- Barracoon: The Story of the "Last Black Cargo" by Zora Neale Hurston
- The Unlikely Hero of 13B by Teresa Toten
- The High Mountains of Portugal by Yann Martel
- Holes by Louis Sachar
- Binti by Nnedi Okorafor
- Rain Is Not My Indian Name by Cynthia Leitich Smith
- When We Were Alone by David Robertson, illustrated by Julie Flett
- Betty Before X by Iyanah Shabazz with Renee Watson
- The Walking Bathroom by Shauntay Grant, illustrated by Erin Bennett Banks
- The Mermaid and Mrs. Hancock by Imogen Hermes Gowar
- Sounder by William H. Armstrong
- Sugar by Jewell Parker Rhodes
- The Bagel King by Andrew Larsen, illustrated by Sandy Nichols
- Peaceful Fights for Equal Rights by Rob Sanders, illustrated by Jared Schorr
- Finding Winnie: The True Story of the World's Most Famous Bear by Lindsay Mattick, illustrated by Sophie Blackall
- Festival of Colors by Kabir and Surishtha Sehgal, illustrated by Vashti Harrison
- They All Die at the End by Adam Silvera
- Wonder by R. J. Palacio
- The Last Black Unicorn by Tiffany Haddish
- Becoming by Michelle Obama
- Geronimo Stilton Book #20 and #21
- Stuart Little by E.B. White
- The Boy In the Striped Pajamas by John Boyne
- Black Beauty by Anna Sewell
- Leontyne Price: Voice of a Century by Carole Boston Weatherford, illustrated by Raúl Colón
- Don't Touch My Hair! by Sharee Miller
- Emmanuel's Dream: The True Story of Emmanuel Ofosu Yeboah by Laurie Ann Thompson, illustrated by Sean Qualls
- Dragons Love Tacos by Adam Rubin, illustrated by Daniel Salmieri
- The Unlikely Hero of Room 13B by Teresa Toten
- Riot by Walter Dean Myers
Impressive research completed by both Zora Neale Hurston and editor Deborah G. Plant. This was a book I had longed to read about the last "Black Cargo" who was illegally smuggled into the United States from Africa. His village was raided by the Dahomey of Benin and then he was brought across the ocean to the United States on a 70-day journey. He had been enslaved for 5 years but was unable to purchase his passage to return to Africa. It was interesting learning about how this short book was compiled. I also learned more about the continental African presence and language that existed within the US. Unfortunately, so much of this has been lost. Thank you Dr. Plant for persisting to bring this story to the world.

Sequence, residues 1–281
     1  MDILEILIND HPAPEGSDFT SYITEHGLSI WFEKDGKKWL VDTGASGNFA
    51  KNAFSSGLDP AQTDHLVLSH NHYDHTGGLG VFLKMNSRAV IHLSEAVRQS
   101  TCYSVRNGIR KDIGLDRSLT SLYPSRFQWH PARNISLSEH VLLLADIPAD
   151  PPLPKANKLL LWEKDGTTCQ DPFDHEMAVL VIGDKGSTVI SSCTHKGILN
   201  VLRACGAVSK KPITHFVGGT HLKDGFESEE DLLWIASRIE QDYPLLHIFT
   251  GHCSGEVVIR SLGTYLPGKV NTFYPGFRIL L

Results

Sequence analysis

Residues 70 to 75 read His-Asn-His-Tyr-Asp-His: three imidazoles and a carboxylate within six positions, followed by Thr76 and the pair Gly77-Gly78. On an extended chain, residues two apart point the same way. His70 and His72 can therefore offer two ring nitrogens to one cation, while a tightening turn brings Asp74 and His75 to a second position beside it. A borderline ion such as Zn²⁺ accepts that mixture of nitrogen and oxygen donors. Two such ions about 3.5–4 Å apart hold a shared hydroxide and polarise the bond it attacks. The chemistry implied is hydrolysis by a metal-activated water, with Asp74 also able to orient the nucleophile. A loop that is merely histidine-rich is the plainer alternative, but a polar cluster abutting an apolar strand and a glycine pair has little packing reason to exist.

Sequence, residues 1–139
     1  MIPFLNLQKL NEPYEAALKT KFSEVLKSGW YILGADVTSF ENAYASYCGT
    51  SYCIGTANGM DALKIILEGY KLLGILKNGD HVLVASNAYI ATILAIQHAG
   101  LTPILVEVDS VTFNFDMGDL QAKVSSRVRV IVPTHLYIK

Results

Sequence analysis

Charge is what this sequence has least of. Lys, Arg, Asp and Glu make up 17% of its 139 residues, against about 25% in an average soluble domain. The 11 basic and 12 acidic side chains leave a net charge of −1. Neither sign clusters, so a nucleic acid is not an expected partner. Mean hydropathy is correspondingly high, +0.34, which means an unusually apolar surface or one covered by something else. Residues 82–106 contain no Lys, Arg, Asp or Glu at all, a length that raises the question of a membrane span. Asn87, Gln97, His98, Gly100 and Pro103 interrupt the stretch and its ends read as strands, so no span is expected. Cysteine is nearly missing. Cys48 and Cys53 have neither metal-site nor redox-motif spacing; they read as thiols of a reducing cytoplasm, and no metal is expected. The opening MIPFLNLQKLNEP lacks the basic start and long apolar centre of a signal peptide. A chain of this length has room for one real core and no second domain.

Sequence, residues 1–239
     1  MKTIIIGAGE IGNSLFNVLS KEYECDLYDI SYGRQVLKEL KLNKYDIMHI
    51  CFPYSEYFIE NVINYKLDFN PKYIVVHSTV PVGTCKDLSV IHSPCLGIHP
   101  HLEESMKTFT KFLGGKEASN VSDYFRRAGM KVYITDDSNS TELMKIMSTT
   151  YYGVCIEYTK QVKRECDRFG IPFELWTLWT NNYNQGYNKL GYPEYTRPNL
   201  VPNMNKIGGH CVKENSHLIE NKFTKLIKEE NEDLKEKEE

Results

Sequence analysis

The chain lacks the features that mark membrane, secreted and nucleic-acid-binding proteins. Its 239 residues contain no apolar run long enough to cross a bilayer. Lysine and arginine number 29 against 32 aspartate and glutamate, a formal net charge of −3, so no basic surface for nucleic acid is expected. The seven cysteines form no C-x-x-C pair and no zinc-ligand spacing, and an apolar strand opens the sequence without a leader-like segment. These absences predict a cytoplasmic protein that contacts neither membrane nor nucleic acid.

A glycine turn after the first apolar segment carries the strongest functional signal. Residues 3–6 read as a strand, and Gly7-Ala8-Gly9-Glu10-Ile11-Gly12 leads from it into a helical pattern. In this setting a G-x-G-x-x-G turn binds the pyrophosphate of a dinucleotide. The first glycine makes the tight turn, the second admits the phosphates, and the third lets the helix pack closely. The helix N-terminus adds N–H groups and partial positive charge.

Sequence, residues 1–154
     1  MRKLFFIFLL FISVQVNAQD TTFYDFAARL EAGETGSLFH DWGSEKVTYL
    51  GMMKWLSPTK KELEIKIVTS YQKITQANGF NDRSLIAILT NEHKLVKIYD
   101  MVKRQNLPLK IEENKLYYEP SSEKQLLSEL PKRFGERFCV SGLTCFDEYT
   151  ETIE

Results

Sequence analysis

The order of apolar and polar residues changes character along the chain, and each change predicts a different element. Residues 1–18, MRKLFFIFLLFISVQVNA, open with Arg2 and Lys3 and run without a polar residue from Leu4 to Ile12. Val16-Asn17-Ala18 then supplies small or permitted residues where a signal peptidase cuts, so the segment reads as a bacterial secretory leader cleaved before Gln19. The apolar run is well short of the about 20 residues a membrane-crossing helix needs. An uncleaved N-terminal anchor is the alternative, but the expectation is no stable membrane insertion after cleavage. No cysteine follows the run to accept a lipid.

I have been to Portugal in July 2017. What a beautiful nation! This country takes place over two time periods-- one in the earlier part of the nineteenth century, the second in a modern time. I am not sure if I understood everything. Three men are drawn to "the High mountains of Portugal" line and they have generational, inextricable link. I feel like there is the symbolism used of the crucifix, chimpanzee (primate species), the elusive Iberian rhinoceros (extinct), the newly invented automobile, and the mysteries and veneration of saints in the Catholic church. It felt like a portrait in a lot of ways, as I could feel the sun of Portugal shining. It also felt like three separate short stories.
Spoilers: This book was okay. I had heard about it for a long time as it is read in many schools as well. Stanley Yelnats is away at "camp" to pay for a crime he did not commit. At this location, I meet other teenage boys. The task at hand is to dig for holes. I wonder about the symbolism of these holes and about the ensuing escape, rediscovery, and hidden treasure that seems to be lurking around every corner. What was the purpose of the warden and the cruel adults who made these kids do this seemingly pointless activity of hole-digging? Not sure.
I listened to this as an e-audiobook. I feel like I need to re-read it as there were a lot of events in this short book but I feel like I missed a lot. I loved the sound of the language though and the choice of words in this imagined world.
This e-audiobook was sweet, gentle, and small town country. I loved the narration and voice of Rain, as she reflects on the grief of losing her mother and her almost boyfriend Galen, love, her Christian faith, and life as a mixed race native teen in a small town. Along with other teens, Cynthia advocates for a summer camp program for youth like herself who are trying to connect with their places of origin. I look forward to reading Cynthia's other titles.